It was held by the Commission that Mrs. Wyllie's claim must fail on the ground that Te Whare was one of the party which had previously sold the land to Rhodes and because the deed of gift to her was executed immediately prior to the donor going openly into rebellion. An area of thirty acres (including Pakirikiri) was cut out and awarded to Raharuhi Rukupo.

One of the most important land deals, at the outset of pakeha settlement in Poverty Bay, was the acquisition by Thomas Halbert of a block known as “Pouparae” on 18 December, 1839. His claim, which was dated 4 November, 1840, stated that the property contained 1,004 acres, and that the consideration in cash and goods represented £315, made up of: Cash £80, four d.b. fowling pieces, 40 shirts, 36 axes, 32 plane irons, 60 blankets, 36 iron pots, 24 hoes, 400 lbs. of gunpowder, 10 pieces of print, 500 lbs. of tobacco, 36 hatchets, 130 razors, 30 knives, 40 spades, and 22 pairs of scissors. The property, he said, was being used for rearing pigs for export. Witnesses to the sale were: J. M. Jury, John Campbell and Frederick Spooner. “Pouparae” was the block upon which Barnet Burns had “squatted” in 1832.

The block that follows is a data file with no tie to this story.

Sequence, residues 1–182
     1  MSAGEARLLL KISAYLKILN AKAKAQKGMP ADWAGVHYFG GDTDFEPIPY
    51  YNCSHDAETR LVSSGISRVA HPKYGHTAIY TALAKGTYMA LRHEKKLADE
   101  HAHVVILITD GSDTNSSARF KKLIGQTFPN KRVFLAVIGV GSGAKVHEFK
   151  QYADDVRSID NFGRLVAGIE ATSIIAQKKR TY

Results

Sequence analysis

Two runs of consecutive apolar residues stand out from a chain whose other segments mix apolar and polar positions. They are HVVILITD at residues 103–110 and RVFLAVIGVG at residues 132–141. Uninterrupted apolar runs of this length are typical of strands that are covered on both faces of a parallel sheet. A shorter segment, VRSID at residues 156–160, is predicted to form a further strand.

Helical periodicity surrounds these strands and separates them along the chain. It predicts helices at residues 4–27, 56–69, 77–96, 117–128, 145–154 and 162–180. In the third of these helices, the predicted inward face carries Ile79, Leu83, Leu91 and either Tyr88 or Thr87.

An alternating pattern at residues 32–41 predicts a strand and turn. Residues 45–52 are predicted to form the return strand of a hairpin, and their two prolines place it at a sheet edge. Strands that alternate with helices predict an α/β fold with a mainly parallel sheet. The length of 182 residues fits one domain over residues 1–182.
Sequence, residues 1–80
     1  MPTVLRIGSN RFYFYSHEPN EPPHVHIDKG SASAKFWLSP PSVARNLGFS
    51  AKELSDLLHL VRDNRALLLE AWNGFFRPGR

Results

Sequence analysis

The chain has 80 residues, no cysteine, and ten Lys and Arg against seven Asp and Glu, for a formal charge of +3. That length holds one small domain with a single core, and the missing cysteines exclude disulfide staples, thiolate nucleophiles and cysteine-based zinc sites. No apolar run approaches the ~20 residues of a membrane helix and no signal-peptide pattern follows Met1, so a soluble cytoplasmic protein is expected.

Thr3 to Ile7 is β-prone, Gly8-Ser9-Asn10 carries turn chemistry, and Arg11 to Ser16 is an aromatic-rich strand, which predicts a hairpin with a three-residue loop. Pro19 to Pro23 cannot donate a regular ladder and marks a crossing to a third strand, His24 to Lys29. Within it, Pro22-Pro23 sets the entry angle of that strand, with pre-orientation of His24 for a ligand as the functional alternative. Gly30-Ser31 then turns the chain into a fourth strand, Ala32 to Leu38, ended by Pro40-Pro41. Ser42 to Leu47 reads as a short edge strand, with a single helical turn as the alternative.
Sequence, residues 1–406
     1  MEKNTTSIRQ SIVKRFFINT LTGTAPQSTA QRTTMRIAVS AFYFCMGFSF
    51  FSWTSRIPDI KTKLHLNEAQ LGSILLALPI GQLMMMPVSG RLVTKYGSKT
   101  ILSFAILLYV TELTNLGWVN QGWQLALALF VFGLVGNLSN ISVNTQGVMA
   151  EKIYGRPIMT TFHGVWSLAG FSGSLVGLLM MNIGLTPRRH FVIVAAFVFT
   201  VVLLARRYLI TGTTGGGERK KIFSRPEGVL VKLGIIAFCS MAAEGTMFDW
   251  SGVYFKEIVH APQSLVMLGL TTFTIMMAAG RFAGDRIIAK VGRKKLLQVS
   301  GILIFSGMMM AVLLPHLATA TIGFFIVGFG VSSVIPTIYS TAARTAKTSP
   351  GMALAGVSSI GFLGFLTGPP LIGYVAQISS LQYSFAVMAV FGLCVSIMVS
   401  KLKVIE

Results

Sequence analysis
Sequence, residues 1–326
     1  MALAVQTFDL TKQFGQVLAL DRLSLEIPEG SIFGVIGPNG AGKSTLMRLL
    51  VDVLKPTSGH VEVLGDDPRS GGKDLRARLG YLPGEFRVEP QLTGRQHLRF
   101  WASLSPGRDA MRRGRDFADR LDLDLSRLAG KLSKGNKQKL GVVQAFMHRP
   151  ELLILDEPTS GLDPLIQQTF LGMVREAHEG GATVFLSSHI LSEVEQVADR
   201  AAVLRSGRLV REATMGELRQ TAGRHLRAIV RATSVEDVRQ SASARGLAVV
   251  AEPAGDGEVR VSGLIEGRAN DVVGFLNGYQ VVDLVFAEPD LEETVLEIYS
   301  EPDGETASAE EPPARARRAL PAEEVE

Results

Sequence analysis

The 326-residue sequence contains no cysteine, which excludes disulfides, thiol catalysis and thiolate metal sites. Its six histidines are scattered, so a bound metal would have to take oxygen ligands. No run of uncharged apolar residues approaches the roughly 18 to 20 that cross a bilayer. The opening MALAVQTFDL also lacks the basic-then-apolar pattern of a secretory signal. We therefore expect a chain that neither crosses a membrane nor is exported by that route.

When the transaction came before Commissioner Bell in 1859, the native witnesses agreed that Wi Pere, one of Halbert's sons, had been intended by them to benefit from it. Halbert scouted the suggestion. Wi Haronga said that his father had agreed to the page 142 sale, but that his mother had opposed it, and that, in her anger, she had burned down the house of a pakeha named “John” [perhaps John Campbell, one of the witnesses to the signatures]. In a memorandum dated 6 April, 1871, Mr. Alfred Domett (who had been Premier in 1862–63) expressed the opinion that the land had originally been set apart, or sold to Halbert, for the maintenance of Wi Pere.

On 26 July, 1841, Halbert sold the block to the Rev. W. Williams and Captain Harris. Later, Harris disposed of his share to his clerical partner. When the claim came up for consideration in 1869, Wi Pere withdrew his opposition and a Crown Grant was issued to Bishop W. Williams. The area of the block was then estimated at slightly less than 500 acres.